Vitamin N“It’s a beautiful day. Turn off the TV and go outside.” When you were a child, your mom probably uttered those words as she shooed you out the door on a sunny Saturday morning. A quarter century or so later and you’re the mom admonishing her kids to turn off the Wii and go outdoors to play. We know our children need to spend time outdoors, but running off steam and energy and soaking up vitamin D aren’t the only benefits they receive from nature.

In an article in the July/August 2012 issue of the AARP Bulletin, Richard Louv, cofounder of the Children & Nature Network and author of Last Child in the Woods (2008), calls nature “vitamin N” and warns that our children are not getting enough of it. Louv believes the growing amount of time children (and adults) are spending engaged in digital pursuits such as gaming, texting and social media is causing what he calls “nature deficit disorder,” a “growing gap between kids and nature.”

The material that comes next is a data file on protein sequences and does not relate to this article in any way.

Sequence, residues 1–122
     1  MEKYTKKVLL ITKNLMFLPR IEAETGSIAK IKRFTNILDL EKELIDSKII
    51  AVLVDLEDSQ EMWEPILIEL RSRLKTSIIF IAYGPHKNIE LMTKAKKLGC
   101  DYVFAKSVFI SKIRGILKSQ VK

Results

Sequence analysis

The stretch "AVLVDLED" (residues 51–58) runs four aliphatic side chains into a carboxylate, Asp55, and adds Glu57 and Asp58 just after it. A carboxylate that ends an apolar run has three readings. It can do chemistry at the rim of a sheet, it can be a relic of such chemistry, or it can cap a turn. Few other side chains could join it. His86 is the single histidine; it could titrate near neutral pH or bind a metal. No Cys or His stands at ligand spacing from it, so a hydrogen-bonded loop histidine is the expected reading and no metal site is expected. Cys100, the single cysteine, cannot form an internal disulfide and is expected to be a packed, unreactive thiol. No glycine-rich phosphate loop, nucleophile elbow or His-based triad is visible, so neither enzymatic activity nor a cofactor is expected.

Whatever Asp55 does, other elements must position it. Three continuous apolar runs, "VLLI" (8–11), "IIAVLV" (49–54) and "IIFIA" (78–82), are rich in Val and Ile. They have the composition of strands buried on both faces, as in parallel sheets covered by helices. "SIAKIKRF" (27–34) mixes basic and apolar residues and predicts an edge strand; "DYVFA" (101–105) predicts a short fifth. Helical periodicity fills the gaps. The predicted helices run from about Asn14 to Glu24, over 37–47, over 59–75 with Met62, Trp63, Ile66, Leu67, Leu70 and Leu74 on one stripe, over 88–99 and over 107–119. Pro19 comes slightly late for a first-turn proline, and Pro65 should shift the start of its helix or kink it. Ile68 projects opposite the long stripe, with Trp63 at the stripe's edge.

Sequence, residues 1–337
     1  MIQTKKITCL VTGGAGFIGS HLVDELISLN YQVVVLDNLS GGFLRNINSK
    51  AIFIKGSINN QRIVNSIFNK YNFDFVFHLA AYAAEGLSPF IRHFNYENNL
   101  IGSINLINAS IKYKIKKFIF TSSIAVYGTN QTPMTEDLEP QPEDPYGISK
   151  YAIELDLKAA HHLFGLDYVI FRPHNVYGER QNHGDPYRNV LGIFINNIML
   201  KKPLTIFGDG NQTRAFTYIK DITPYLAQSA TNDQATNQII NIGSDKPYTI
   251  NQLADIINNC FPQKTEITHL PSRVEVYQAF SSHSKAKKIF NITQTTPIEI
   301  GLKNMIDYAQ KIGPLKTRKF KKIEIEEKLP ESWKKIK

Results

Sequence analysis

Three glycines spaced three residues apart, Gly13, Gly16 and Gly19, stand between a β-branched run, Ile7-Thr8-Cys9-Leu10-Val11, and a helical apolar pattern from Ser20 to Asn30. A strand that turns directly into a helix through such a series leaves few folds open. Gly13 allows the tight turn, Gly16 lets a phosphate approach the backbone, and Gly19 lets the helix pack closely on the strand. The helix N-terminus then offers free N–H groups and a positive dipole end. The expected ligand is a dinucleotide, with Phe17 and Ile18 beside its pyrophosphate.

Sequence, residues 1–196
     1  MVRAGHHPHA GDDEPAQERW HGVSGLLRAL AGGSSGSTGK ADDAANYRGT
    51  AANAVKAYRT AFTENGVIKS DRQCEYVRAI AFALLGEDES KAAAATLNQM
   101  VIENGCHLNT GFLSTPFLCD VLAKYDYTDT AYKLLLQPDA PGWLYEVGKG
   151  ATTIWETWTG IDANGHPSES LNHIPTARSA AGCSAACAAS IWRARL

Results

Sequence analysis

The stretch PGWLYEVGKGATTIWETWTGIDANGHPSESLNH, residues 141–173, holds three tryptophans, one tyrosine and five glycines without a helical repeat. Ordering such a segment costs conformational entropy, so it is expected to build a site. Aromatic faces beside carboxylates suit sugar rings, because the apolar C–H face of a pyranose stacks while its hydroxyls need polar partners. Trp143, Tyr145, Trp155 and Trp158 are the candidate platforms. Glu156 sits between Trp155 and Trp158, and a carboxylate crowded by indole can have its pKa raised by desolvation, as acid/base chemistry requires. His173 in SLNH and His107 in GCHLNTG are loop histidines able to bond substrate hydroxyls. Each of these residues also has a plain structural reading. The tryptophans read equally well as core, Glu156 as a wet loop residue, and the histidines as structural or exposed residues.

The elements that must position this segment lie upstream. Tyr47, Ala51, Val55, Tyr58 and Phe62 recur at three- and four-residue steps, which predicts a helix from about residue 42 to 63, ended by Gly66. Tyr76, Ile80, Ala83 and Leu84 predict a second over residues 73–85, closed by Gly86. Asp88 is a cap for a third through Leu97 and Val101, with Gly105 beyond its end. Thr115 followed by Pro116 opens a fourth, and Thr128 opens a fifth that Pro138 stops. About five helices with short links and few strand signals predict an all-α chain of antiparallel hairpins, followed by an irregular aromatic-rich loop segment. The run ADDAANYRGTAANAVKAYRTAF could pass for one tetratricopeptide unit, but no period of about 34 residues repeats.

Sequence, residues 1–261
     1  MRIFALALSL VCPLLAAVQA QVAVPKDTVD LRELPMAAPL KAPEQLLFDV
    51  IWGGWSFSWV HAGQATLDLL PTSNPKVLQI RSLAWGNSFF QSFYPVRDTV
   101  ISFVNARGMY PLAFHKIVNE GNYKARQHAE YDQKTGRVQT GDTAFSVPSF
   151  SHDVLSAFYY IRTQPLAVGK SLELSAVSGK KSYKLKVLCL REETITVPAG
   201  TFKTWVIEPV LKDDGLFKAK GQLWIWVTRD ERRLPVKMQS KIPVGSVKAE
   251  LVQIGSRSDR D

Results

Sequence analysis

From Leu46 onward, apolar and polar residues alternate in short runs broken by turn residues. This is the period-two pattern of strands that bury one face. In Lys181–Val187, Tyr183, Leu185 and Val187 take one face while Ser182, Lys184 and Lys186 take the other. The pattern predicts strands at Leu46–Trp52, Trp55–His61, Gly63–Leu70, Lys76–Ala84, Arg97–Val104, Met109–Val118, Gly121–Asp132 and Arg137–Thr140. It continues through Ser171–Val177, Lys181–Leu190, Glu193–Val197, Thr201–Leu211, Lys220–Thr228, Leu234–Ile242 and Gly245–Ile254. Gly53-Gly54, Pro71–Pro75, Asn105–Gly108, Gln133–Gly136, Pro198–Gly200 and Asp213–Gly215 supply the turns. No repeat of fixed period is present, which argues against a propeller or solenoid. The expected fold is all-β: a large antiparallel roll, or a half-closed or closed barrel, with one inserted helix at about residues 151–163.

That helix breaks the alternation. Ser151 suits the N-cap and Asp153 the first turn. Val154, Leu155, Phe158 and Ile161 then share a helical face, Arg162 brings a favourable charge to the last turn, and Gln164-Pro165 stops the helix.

Research has found that spending time in nature can decrease stress, enhance memory performance, improve attention span, and boost creativity. Interacting with nature also makes children more conscious of their impact on the world around them.

To increase your child’s “vitamin N,” introduce your child to nature’s wonders:

  • Plant a backyard garden.
  • Create a wildlife habitat by planting native flowers that will provide food for bees, butterflies and birds.
  • During walks point out flowers, trees and bird’s nests.
  • Go hiking in the woods.

Exploring and learning about the natural world is an integral part of the curriculum at Horizon Education Centers.